TOO YOUNG TO WORK?
When Alden, Colorado started its transformation from a sleepy mountain town to a booming ski resort two years ago, local businesses and hotel owners weren’t the only ones who benefited; so did 13-year-old Tim Brady and his friends. To their delight, a local supermarket began hiring kids to work two afternoons a week packing customers’ groceries and taking them out to the parking lot. Everyone was happy: the youngsters got to supplement their pocket money and the shoppers got better service. However, the arrangement came to an abrupt end three months ago, when a local newspaper published an article accusing the supermarket of breaking the child labor law regarding the employment of minors under age 14. The supermarket had no choice but to fire the children.
Tim’s father, local council member Mark Brady, is indignant. “For some mysterious reason,” he said in an interview to a local radio station, “kids under 14 can be employed in a few select jobs, like modeling and acting, but they can’t pack groceries. What strange standards did lawmakers use in order to determine which work is suitable for a child? Why are some extremely demanding jobs not prohibited, whereas far easier ones are?” Brady believes the time has come to rethink the law and allow children to be employed in a wider, more sensible range of jobs.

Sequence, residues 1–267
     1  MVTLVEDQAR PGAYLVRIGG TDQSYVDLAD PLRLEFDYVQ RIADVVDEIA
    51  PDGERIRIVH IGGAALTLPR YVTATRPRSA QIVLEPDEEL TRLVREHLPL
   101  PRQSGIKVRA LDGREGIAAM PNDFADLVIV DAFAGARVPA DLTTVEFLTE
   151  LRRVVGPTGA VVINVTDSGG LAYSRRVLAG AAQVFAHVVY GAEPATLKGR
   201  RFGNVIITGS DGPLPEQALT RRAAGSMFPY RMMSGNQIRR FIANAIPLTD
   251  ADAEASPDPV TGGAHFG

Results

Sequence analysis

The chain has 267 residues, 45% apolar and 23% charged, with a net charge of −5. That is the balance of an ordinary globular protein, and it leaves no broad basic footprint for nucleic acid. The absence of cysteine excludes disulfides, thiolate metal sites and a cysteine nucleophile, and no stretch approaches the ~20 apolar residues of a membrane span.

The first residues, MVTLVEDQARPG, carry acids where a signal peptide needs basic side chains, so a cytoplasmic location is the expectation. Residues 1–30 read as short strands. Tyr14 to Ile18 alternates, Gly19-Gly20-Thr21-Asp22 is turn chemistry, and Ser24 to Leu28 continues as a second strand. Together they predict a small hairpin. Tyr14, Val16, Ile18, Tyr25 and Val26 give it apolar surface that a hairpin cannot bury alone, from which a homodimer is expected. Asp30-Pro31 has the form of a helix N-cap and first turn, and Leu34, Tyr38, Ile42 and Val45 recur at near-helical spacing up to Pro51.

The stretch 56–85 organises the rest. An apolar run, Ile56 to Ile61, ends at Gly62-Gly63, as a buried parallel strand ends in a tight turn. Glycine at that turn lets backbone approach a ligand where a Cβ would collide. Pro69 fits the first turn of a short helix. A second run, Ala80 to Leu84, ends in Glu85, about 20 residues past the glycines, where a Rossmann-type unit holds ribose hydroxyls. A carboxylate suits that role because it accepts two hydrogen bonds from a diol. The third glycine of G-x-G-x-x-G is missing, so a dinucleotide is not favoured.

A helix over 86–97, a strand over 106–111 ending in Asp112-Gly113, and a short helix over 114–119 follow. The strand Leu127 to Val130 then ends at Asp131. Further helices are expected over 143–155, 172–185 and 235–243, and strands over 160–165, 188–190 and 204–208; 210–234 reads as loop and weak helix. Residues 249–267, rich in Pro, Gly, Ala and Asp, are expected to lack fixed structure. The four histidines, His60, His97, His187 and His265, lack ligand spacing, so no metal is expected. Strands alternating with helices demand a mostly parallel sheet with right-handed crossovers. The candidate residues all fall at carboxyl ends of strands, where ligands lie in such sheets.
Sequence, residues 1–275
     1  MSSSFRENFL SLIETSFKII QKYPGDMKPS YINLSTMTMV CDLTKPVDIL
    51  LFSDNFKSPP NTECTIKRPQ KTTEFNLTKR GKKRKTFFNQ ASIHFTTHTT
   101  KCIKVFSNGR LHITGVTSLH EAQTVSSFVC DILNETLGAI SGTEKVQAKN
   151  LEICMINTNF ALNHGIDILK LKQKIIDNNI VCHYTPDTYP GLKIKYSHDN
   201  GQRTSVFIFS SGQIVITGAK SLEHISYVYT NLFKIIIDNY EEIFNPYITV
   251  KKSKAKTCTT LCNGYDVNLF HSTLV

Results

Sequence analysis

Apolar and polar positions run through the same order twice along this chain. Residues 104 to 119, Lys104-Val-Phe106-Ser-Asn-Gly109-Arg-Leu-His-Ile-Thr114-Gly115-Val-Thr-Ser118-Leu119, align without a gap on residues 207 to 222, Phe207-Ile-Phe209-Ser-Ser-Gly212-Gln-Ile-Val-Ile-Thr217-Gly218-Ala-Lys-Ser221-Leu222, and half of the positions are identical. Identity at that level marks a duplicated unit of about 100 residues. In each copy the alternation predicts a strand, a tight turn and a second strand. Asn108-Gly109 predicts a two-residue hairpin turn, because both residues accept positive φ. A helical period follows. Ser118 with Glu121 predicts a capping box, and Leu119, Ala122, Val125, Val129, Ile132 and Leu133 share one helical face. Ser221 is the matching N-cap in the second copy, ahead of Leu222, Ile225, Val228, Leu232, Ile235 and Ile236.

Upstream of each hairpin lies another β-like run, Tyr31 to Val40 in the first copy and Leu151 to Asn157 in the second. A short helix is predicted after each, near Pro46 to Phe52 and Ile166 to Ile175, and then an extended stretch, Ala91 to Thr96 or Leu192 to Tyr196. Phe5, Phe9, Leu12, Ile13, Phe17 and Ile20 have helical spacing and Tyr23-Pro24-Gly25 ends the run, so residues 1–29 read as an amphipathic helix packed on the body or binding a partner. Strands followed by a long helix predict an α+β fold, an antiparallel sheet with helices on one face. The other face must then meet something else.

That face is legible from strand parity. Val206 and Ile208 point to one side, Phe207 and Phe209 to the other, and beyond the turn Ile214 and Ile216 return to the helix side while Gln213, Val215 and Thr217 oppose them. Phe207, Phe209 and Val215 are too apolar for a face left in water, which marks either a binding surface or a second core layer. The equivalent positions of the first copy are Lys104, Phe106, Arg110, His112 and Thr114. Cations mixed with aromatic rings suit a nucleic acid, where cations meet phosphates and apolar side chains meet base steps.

To Brady’s surprise, a letter he sent to several national newspapers generated considerable opposition. Many parents claimed that afternoon jobs would adversely affect their children’s academic achievements. Brady rejects that argument. Those very same parents, he says, encourage their children to participate in extracurricular activities requiring just as many hours. He also insists that an after-school job is no less educational. “By earning and spending their own money kids gain independence and a sense of self-confidence. And what better way to teach responsibility than by requiring a child to fulfill the demands of a part-time job?”
Undaunted by the response to his letter, Brady is carrying on his campaign. Next he plans to go on TV. “My message is clear and simple, and I intend to get it across to more and more parents,” he says. “I’m sure eventually there will be sufficient public support to sway the authorities.”